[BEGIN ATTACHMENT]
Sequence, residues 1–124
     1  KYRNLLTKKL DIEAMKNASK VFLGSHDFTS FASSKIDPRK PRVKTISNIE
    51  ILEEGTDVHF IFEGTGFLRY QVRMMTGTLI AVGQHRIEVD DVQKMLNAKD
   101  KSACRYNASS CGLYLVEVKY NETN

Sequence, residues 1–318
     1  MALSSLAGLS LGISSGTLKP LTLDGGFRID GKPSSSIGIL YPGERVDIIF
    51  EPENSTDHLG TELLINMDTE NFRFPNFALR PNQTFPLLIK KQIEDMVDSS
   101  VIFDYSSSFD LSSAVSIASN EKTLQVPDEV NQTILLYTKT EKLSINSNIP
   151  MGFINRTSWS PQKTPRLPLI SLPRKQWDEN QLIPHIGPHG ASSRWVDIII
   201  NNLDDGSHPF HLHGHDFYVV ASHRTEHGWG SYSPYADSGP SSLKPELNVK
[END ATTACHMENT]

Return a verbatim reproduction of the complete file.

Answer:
Sequence, residues 1–124
     1  KYRNLLTKKL DIEAMKNASK VFLGSHDFTS FASSKIDPRK PRVKTISNIE
    51  ILEEGTDVHF IFEGTGFLRY QVRMMTGTLI AVGQHRIEVD DVQKMLNAKD
   101  KSACRYNASS CGLYLVEVKY NETN

Sequence, residues 1–318
     1  MALSSLAGLS LGISSGTLKP LTLDGGFRID GKPSSSIGIL YPGERVDIIF
    51  EPENSTDHLG TELLINMDTE NFRFPNFALR PNQTFPLLIK KQIEDMVDSS
   101  VIFDYSSSFD LSSAVSIASN EKTLQVPDEV NQTILLYTKT EKLSINSNIP
   151  MGFINRTSWS PQKTPRLPLI SLPRKQWDEN QLIPHIGPHG ASSRWVDIII
   201  NNLDDGSHPF HLHGHDFYVV ASHRTEHGWG SYSPYADSGP SSLKPELNVK